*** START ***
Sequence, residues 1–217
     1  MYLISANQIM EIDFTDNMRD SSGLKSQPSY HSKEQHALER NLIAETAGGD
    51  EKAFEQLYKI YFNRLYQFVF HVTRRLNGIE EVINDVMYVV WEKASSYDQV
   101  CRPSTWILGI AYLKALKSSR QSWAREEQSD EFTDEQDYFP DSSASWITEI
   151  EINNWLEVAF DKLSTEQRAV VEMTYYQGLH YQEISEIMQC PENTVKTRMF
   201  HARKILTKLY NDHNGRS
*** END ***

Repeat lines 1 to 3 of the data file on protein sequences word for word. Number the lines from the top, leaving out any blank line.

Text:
Sequence, residues 1–217
     1  MYLISANQIM EIDFTDNMRD SSGLKSQPSY HSKEQHALER NLIAETAGGD
    51  EKAFEQLYKI YFNRLYQFVF HVTRRLNGIE EVINDVMYVV WEKASSYDQV